In The A.V. Club’s 100 Episodes feature we define the shows that have made it to this point as “an unusual group”—an entirely true assertion, given it’s the only way you’ll be able to mention The Andy Griffith Show, Supernatural, and The Fresh Prince Of Bel-Air in the same breath. And after this year, Cougar Town will be joining these august and eclectic ranks, closing out its run with six seasons and 102 episodes. Not a bad legacy for a show whose survival was at one point so in doubt it turned into a running gag on Community, the definition of a pot-kettle-black moment.
Much has already been written about the show’s improbable survival—and more will be written as its ending draws closer—so there’s no sense in belaboring that point any further. Instead, what’s important is to focus on the joyful fact that a sixth season of Cougar Town is still met with anticipation instead of dread. The show never fully recaptured the spark of seasons two and three during its TBS run, but unlike Jules’s various gigantic wine glasses it continues to hold together and deliver consistently fun stories and punchlines. Consistency is a fine legacy to carry into the twilight, and the sixth season premiere “American Dream Plan B” provides reassurance that the show can end as well as it began.
Once again, Cougar Town enters a season on the heels of a seismic shift to the Cul-De-Sac crew, after “We Stand A Chance” revealed that they’d be welcoming a new member in nine months. Interestingly, Cougar Town dismisses almost immediately the idea that the birth of Laurie and Travis’s child would serve as the centerpiece of the finale, leaping ahead eight months. It’s a decision that works well on a comedic level—the transition from confident skinny Laurie to massively pregnant Laurie is a nice visual punchline—and also on a narrative one. Cougar Town’s historic disinterest in children seemingly extends to their gestation, and no one in the writers’ room was likely keen on sidelining Busy Philipps into pregnancy-related gags for the final season.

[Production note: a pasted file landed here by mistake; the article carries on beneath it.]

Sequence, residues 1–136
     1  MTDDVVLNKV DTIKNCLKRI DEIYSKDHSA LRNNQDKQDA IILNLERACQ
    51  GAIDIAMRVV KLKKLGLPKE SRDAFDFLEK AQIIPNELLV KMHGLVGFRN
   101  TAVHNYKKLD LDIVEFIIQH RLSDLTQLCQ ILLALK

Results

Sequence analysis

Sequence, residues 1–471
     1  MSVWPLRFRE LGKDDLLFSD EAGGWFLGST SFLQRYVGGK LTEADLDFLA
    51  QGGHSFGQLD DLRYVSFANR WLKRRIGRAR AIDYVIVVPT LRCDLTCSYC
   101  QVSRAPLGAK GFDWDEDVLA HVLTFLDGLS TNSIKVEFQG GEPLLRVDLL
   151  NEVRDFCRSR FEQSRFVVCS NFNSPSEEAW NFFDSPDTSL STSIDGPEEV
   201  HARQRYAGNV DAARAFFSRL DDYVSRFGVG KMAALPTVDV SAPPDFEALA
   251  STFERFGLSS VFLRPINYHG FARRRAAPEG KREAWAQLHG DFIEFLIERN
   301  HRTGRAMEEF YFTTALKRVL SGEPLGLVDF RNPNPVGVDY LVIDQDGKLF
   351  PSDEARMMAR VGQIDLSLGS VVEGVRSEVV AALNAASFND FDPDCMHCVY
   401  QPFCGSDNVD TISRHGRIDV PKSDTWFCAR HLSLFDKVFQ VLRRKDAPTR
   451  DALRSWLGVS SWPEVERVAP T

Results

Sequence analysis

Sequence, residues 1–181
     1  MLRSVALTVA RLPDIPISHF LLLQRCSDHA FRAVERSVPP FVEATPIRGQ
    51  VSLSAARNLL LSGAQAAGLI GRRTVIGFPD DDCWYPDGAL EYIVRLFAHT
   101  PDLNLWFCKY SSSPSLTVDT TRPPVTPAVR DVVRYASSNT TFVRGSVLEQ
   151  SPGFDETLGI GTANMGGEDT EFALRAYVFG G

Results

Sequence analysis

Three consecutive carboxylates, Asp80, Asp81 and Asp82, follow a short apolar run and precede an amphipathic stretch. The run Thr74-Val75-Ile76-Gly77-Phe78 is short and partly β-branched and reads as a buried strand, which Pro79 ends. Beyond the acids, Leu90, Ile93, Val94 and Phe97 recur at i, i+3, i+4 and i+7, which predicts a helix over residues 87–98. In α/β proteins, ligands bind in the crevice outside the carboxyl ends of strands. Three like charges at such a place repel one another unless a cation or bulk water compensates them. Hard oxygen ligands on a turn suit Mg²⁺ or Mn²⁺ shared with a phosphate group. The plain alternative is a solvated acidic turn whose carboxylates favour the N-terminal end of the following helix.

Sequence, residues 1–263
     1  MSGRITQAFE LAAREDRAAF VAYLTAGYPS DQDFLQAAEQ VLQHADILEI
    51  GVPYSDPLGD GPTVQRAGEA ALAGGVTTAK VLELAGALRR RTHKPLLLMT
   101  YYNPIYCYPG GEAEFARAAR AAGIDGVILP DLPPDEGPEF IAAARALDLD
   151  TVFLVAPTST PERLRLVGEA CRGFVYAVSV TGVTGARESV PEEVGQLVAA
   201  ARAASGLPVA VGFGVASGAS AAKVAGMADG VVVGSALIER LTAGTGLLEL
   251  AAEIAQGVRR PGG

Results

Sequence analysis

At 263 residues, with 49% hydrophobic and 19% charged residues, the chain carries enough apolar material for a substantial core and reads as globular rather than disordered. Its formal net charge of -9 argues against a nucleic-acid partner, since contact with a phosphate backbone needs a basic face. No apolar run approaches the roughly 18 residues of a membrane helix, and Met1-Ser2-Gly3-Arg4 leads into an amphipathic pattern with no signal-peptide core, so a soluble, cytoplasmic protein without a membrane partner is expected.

Not that the writers are adverse to those gags, as “I HATE EVERYTHING!” Laurie is a great comedic vine for Philipps. First, it takes advantage of her capacity for rage when she reacts to the discomfort by hurling socks full of nickels (“It’s my go-to weapon from juvie”), and then it switches to broader physical comedy when Ellie and Jules tell her how much you can get away with when pregnant. Once again, the episode chooses not to draw this joke out too long, as Laurie stays true to form and pushes it so far she receives a citation from the police by the end of the first act. Everyone on Cougar Town is so committed to staying relaxed that watching Laurie explode in this matter is as unsettling to the viewer as it is to Jules—who’s so determined to make her friend feel comfortable that she says the entire group will give up wine until Laurie can drink it herself.
Of course, given that wine is the sacrament of Cougar Town, it’s clear that no one will be following this edict for long. Salvation comes in the form of Tom’s latest effort to be cool, with a 1920s speakeasy bar set up in his garage. At this point in the show’s life finding new ways to drink is essentially its weekly mission statement, and the 1920s dress adds a fun bit of Boardwalk Empire style to the bright setting of Florida. And for any fans worried the group might be sobering up as we head towards the end, everyone’s resolve is so weak that it’s not even a contest. (“You can be mad, or you can drink.” “…Okay!”) And like so many of those scenes, it breaks up the action with a shootout, when following Tom’s Twitter account—one of Laurie’s things to do instead of drinking—exposes the secret and puts Laurie on the nickel-sock warpath.
The baby’s father, meanwhile, is less concerned about the last stages of his child’s gestation with what comes after it. Given Travis’s natural inclination away from physical activity and injury, the idea that he’ll be responsible for a human life in a few weeks strikes terror into his heart. Once again, Tom’s strange ideas about life come to the rescue, with his new pet pig Squiglet serving as a stand-in for a real baby that can teach Travis about being careful. The idea of Dan Byrd carrying a piglet in a BabyBjorn is every bit as amusing as it sounds, particularly once the animal slips its holding pen and the desperation levels go even higher.